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Animal feed resources information system
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Sisal (Agave sisalana)

IMPORTANT INFORMATION: This datasheet is pending revision and updating; its contents are currently derived from FAO's Animal Feed Resources Information System (1991-2002) and from Bo Göhl's Tropical Feeds (1976-1982).

Datasheet

Description
Click on the "Nutritional aspects" tab for recommendations for ruminants, pigs, poultry, rabbits, horses, fish and crustaceans
Common names 
Sisal, henequen, hemp plant, mescal, sisal agave, sisal hemp, garingboom, sisalagave, sisal
Related feed(s) 
Description 
Stemless perennial with thick succulent leaves 1-1.5 m long having smooth edges and a sharp dark-brown terminal spine. The plant produces a central spike up to 6 m high after seven or eight years. The leaves are threshed for the durable white fibres used in the manufacture of rope and twine. The leaf, waste, or pulp, left as a by-product accumulates in large amounts at processing sites.
Nutritional aspects
Ruminants 
Sisal leaf waste has been used profitably for cattle and rabbit feed. Up to 27 kg of fresh sisal waste have been fed daily to dairy cows, but the average intake of sisal waste when used as a supplement for grazing cattle is about 10 kg per day. Undesirable side-effects have not been observed even after heavy feeding of sisal waste for long periods. The succulence of fresh sisal waste makes it a useful feed during dry periods. Once accustomed to it, cattle find sisal waste quite palatable. Sisal waste ferments rapidly and should be used within forty-eight hours or be either sun-dried or ensiled. It takes about one month for "untrained" cattle to reach the maximum intake of fresh waste, whereas a cow which has received sisal waste the previous season attains the same level in a week. Cattle accustomed to sisal waste attack it avidly. The main limitation of utilizing sisal waste for feed is its high moisture content. Besides, it is perishable and low in nutritive value, mostly because of its lack of digestible protein and phosphorus.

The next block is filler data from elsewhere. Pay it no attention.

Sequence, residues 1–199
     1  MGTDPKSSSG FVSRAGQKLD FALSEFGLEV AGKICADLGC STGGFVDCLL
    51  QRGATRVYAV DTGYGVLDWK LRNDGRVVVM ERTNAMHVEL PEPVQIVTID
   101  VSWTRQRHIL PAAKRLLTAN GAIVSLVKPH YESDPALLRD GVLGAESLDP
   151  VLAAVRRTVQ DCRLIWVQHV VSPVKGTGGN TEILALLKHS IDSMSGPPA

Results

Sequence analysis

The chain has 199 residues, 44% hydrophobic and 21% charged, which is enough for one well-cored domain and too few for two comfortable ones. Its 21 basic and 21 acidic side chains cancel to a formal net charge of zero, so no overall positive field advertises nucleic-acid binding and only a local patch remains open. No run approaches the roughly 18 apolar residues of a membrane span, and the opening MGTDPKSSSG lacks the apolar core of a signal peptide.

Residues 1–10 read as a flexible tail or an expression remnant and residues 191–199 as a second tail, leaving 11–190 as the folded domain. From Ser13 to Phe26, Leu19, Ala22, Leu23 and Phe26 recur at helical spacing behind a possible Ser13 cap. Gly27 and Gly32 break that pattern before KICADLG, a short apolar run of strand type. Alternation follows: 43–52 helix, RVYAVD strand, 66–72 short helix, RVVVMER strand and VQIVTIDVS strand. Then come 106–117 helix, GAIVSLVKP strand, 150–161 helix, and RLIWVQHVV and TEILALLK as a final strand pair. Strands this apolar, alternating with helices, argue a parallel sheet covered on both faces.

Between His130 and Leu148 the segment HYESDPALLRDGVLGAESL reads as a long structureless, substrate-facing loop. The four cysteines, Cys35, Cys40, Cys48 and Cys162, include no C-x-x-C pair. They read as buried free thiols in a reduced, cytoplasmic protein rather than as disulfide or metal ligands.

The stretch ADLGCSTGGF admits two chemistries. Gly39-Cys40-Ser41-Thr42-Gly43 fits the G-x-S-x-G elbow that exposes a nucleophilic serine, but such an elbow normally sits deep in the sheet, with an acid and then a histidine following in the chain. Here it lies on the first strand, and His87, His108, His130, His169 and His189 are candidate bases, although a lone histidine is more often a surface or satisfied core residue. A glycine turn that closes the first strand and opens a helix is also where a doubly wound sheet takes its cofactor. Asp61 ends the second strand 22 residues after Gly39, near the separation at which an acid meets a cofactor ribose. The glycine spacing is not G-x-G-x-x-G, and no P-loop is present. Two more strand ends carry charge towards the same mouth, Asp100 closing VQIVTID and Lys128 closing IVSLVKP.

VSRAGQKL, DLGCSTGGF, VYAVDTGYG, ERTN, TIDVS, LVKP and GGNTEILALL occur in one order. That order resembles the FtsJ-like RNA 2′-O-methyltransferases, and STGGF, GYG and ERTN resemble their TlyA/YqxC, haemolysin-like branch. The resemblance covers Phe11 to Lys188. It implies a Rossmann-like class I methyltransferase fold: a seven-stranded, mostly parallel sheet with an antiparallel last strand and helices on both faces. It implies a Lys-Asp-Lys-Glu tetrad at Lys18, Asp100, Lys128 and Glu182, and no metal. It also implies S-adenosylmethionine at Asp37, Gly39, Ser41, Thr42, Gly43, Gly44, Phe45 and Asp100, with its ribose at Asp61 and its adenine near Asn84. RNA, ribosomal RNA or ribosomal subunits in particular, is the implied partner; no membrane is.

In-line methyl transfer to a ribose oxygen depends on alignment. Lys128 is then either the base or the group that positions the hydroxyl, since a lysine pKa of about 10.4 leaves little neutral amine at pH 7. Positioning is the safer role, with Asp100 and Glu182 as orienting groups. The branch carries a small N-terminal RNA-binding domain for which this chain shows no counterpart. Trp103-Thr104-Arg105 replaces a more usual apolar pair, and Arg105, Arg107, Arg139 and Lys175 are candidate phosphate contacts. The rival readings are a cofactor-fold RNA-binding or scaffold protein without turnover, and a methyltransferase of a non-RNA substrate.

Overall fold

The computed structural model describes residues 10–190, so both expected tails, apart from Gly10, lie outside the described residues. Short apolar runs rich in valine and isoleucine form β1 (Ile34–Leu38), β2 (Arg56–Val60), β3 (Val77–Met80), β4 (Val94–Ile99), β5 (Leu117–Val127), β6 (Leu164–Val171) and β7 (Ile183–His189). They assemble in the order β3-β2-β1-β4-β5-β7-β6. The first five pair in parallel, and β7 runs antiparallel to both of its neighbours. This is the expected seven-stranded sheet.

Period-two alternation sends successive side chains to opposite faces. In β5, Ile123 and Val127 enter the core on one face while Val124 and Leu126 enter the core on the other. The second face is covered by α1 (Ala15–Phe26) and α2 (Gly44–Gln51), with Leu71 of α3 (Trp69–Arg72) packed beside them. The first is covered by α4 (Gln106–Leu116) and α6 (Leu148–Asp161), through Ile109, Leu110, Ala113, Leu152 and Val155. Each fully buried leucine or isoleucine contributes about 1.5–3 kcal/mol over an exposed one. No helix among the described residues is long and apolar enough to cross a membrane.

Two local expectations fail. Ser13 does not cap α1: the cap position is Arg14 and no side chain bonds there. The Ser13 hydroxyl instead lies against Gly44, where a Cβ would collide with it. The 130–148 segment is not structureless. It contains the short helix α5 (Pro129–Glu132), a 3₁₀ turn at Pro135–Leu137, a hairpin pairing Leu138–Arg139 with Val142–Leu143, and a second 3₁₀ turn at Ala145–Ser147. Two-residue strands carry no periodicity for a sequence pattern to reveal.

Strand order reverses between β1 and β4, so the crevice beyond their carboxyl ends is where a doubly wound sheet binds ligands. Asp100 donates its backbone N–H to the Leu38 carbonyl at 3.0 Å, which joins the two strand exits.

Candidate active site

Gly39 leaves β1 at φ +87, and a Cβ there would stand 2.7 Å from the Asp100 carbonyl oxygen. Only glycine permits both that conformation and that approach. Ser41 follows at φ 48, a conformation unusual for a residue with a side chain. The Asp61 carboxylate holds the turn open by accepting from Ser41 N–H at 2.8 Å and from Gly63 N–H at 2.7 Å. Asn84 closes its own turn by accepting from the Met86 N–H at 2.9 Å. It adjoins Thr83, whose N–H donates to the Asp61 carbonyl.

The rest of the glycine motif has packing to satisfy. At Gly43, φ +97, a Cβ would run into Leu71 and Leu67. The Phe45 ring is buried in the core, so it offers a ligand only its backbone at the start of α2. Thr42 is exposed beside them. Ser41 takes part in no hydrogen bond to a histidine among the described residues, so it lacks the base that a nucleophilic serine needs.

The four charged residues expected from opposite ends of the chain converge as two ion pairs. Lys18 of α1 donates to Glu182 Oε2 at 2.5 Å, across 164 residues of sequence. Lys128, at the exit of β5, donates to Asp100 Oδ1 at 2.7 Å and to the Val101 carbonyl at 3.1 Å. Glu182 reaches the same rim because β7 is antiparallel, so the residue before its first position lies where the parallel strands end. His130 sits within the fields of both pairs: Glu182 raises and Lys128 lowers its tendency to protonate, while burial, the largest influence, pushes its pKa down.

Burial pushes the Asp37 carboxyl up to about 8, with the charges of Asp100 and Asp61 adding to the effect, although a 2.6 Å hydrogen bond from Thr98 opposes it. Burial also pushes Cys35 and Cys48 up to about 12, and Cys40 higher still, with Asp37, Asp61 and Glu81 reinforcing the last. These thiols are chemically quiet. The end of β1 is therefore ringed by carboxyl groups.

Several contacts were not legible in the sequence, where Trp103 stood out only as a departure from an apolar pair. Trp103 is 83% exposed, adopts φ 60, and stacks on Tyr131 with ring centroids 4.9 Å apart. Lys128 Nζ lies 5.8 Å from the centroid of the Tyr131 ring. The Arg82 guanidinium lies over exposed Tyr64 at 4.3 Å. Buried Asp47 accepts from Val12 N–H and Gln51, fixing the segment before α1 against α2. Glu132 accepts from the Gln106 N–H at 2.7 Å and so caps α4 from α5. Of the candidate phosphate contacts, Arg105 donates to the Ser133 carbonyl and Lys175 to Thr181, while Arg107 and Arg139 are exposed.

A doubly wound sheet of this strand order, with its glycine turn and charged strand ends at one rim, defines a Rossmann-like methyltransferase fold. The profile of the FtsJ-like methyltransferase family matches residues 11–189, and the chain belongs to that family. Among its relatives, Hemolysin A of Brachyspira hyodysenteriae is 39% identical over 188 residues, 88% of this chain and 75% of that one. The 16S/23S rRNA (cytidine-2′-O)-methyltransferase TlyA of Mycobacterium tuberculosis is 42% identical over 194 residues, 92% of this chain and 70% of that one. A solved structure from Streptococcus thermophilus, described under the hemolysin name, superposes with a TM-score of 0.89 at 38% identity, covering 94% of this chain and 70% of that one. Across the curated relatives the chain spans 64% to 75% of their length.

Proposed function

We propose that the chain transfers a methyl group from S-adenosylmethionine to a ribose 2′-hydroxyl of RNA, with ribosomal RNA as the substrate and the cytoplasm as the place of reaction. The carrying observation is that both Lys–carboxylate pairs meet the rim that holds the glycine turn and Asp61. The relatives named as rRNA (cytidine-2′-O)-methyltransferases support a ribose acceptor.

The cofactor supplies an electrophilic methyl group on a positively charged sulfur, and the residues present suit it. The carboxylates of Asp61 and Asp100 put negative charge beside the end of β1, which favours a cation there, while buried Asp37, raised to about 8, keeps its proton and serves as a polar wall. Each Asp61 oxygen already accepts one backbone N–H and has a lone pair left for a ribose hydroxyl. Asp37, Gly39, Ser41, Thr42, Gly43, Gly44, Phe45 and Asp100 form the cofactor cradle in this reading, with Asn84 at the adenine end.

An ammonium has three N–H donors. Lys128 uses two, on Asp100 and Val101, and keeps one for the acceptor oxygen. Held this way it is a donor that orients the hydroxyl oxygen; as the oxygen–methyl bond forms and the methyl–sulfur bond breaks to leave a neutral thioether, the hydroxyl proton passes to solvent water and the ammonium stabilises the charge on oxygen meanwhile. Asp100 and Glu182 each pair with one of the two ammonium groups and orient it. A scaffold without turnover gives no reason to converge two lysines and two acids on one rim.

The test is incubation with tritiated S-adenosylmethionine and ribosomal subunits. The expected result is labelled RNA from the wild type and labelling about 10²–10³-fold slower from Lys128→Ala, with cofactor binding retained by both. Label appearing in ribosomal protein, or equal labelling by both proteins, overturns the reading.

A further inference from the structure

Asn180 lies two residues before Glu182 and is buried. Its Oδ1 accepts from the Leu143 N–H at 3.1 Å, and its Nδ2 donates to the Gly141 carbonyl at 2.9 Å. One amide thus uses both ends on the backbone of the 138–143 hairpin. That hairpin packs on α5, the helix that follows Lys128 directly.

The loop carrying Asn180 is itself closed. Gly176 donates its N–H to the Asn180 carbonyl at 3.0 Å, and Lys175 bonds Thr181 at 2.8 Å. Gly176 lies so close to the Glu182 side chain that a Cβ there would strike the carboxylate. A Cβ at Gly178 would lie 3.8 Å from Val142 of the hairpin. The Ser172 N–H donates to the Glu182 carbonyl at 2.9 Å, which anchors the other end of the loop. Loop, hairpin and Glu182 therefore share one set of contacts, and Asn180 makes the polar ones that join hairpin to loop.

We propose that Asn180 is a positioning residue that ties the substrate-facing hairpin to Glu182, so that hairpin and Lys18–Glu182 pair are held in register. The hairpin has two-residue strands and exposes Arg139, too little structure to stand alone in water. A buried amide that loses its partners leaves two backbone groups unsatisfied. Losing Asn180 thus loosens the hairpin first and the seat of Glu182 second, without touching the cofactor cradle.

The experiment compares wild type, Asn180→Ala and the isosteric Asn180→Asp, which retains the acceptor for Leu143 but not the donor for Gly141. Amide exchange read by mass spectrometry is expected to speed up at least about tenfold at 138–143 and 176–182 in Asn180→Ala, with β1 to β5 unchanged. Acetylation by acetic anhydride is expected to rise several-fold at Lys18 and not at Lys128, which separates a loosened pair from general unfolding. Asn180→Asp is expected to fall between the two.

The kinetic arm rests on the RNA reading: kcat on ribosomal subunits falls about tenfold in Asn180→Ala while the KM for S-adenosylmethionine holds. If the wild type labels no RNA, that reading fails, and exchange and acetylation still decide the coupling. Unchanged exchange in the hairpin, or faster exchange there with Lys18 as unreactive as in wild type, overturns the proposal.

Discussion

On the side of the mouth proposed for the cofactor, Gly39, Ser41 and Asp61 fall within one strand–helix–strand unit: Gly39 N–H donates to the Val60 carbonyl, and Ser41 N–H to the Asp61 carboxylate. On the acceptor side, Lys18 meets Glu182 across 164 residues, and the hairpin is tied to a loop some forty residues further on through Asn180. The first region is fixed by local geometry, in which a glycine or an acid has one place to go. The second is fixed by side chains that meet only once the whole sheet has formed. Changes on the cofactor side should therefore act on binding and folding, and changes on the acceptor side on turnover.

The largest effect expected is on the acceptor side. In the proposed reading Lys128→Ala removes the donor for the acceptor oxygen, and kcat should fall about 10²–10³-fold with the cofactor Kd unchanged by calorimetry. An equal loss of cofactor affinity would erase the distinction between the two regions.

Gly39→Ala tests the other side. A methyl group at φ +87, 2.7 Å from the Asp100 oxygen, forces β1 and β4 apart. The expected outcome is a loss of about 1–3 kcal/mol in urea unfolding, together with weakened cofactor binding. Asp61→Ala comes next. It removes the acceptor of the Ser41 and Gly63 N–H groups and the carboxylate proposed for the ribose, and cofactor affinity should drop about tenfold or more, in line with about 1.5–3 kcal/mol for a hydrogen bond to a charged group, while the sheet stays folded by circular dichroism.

Nutritional tables
Tables of chemical composition and nutritional value 

Avg: average or predicted value; SD: standard deviation; Min: minimum value; Max: maximum value; Nb: number of values (samples) used

IMPORTANT INFORMATION: This datasheet is pending revision and updating; its contents are currently derived from FAO's Animal Feed Resources Information System (1991-2002) and from Bo Göhl's Tropical Feeds (1976-1982).

Main analysis Unit Avg SD Min Max Nb
Dry matter % as fed 12.0 1
Crude protein % DM 15.1 1
Crude fibre % DM 43.7 1
Ether extract % DM 4.9 1
Ash % DM 21.6 1
Gross energy MJ/kg DM 17.0 *

The asterisk * indicates that the average value was obtained by an equation.

References

Laksevela et al., 1970

Last updated on 24/10/2012 00:45:04

Main analysis Unit Avg SD Min Max Nb
Dry matter % as fed 11.0 11.0 11.0 2
Crude protein % DM 6.4 5.2 7.6 2
Crude fibre % DM 29.2 22.7 35.6 2
Ether extract % DM 3.2 2.7 3.7 2
Ash % DM 15.6 15.5 15.6 2
Gross energy MJ/kg DM 16.6 *
 
Minerals Unit Avg SD Min Max Nb
Calcium g/kg DM 57.2 1
Phosphorus g/kg DM 1.1 1
 
Ruminant nutritive values Unit Avg SD Min Max Nb
OM digestibility, Ruminant % 58.4 1
ME ruminants (FAO, 1982) MJ/kg DM 7.8 1
Nitrogen digestibility, ruminants % 8.0 1

The asterisk * indicates that the average value was obtained by an equation.

References

Laksevela et al., 1970

Last updated on 24/10/2012 00:45:04

References
Datasheet citation 

DATASHEET UNDER CONSTRUCTION. DO NOT QUOTE. http://www.feedipedia.org/node/189 Last updated on March 16, 2010, 17:13

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